Introducing Your Horse to the Hackamore by Al Dunning
Whether the hackamore is used during a horse’s first training session or his hundredth, and regardless of how well-broke he might be in the snaffle, the hackamore requires introduction to the horse. Pressure created by hackamore cues translates differently with the hackamore using off-side pressure for a function or response versus the snaffle bit’s cues with direct-side cheek pressure. Even a horse going well in the snaffle bit and performing all maneuvers with relative ease must be educated to understand the hackamore’s different sensations on his face.
Often a green hackamore horse looks to the right in response to a right rein, as he’s confused by the hackamore’s cheek pressure. Consistency and repetition help the horse to differentiate between the direct-cheek pull of the snaffle and the offside push of the hackamore and to grasp the concept of leverage.
Checking-up a horse, also commonly known as bitting-up, is a good way to introduce a horse to the different sensations experienced with the hackamore. By allowing the animal time to think about what’s happening to him, he can be more accepting of the hackamore pressure applied and is less apt to fight or be resistant
to the hackamore.
Follow this sequence of steps to check-up your horse laterally – Remember: Lateral bend is first and foremost in training. Vertical flexion comes later. Trapping your horse vertically at the poll before he’s supple from side to side is like putting the proverbial cart before the horse.
A horse that bobs his head while tied around to the side is developing a vice that should be addressed as soon as it arises. You can discourage this behavior by taking the lead rope of the mecate under your horse’s forearm and up to the saddle horn. If he’s tied to the right, for example, take the lead rope up to the left side of the saddle, or vice versa. Doing so imitates a rider’s hands controlling the horse’s nose, setting clearly defined parameters for the horse to find. Secure your lead rope as a boundary, not as a restraint, leaving enough slack that your horse merely bumps into pressure if he thrusts out his nose or bobs his head up and down. The correct application is one with consequence, not restriction.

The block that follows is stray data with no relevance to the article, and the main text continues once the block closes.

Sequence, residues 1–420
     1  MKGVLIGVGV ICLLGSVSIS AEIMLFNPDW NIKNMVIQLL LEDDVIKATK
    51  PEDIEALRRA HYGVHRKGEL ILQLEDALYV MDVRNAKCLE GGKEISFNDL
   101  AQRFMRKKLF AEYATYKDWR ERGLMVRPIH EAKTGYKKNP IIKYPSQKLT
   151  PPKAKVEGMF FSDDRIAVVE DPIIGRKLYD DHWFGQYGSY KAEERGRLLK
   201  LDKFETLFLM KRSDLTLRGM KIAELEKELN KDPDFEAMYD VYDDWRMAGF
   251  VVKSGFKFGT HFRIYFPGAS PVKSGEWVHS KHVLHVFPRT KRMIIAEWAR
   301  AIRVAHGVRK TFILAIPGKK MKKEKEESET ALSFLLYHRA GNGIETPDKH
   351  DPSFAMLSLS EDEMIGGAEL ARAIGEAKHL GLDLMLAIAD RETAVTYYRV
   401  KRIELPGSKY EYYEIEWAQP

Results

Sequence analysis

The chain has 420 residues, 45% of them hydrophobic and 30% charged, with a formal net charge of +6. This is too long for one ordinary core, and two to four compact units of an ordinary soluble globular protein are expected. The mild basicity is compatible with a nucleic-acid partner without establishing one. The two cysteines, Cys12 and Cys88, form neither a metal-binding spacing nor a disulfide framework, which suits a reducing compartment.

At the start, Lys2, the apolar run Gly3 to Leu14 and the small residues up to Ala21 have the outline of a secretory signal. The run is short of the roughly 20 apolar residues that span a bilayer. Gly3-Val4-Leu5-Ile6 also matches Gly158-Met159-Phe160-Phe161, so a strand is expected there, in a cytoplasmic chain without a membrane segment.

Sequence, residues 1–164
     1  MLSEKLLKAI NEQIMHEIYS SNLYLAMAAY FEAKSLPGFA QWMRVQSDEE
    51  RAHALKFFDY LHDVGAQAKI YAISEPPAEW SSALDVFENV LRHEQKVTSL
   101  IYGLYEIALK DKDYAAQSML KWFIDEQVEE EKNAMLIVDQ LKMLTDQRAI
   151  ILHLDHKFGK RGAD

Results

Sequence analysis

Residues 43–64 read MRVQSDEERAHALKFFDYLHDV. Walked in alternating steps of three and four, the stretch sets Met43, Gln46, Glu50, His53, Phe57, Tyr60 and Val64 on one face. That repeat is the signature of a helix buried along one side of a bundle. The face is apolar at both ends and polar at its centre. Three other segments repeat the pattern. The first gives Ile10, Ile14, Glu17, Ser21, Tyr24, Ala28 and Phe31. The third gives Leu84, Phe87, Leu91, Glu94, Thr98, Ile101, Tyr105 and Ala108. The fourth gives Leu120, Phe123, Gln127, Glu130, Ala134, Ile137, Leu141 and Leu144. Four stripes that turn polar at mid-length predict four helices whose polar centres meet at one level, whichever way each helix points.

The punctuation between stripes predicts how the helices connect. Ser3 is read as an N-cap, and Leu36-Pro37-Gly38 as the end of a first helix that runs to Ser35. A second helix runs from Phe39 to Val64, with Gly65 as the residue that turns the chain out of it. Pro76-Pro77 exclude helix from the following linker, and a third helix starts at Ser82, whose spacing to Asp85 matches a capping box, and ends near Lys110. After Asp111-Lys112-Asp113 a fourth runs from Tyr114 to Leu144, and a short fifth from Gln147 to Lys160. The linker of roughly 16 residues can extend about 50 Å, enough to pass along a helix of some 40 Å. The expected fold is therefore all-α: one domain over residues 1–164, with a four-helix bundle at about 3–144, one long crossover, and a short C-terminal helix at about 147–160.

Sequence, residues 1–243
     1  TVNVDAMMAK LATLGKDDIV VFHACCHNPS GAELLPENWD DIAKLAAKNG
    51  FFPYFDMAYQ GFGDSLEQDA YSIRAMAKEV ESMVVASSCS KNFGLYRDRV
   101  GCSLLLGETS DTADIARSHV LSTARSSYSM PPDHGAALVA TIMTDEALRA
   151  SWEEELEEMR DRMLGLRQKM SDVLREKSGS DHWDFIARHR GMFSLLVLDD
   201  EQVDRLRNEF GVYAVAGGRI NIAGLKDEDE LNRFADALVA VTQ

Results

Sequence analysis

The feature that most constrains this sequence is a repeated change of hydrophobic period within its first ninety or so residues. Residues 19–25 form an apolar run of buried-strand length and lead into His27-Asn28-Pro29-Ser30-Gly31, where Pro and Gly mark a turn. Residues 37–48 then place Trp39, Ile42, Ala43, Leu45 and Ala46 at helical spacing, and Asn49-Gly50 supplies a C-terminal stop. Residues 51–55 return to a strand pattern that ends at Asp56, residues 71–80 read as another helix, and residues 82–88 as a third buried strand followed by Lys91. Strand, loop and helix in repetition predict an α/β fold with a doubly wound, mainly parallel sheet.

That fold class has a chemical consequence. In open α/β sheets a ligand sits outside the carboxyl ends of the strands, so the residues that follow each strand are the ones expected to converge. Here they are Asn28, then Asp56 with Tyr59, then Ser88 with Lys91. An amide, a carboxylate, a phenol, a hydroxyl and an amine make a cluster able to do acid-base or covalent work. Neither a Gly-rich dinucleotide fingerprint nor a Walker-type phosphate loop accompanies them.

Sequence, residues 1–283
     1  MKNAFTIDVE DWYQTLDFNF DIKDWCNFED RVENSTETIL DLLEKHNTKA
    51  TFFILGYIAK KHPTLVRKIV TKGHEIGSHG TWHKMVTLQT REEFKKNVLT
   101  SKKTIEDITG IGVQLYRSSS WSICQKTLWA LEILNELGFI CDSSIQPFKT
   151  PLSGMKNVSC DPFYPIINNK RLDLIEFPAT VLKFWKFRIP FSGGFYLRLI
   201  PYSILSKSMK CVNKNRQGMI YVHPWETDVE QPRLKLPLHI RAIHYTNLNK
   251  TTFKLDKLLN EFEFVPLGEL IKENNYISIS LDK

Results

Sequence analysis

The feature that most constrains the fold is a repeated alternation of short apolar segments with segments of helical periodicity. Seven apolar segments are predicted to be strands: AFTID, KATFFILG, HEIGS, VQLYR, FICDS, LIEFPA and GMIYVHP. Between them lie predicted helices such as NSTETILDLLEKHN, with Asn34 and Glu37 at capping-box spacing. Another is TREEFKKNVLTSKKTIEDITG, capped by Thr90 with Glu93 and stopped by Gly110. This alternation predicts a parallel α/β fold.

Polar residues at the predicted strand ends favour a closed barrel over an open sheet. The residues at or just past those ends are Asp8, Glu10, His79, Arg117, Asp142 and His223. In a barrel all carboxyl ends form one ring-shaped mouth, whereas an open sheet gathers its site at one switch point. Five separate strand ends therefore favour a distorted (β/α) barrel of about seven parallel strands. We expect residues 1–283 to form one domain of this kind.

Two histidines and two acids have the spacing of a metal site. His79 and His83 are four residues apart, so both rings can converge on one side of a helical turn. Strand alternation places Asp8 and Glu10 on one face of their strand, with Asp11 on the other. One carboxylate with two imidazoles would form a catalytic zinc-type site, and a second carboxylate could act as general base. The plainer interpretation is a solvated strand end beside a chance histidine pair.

Be aware of any negative tendencies your horse displays when checking-up or any groundwork is performed. A keen trainer is ever watchful and recognizes the natural abilities, as well as the limitations, of each horse. Knowing on which side the animal is stiff or how much pressure he can handle are a few of the clues that help when designing an effective training program for each individual horse.
Every phase of groundwork plays a vital role in your horse’s progression. Never advance to a new exercise if the current exercise has not yet been mastered. Allow time for your training to “cure” and take full effect, so that your horse doesn’t come apart farther down the road.
Al Dunning is credited with 32 world-championship and reserve championship titles. The knowledge and passion he shares in his clinics, videos, and lessons have molded not only average students, but also some of today’s most successful professional horse trainers.
Dunning’s ability to reach people comes from his love of horses and out of respect to the mentors in his own life.
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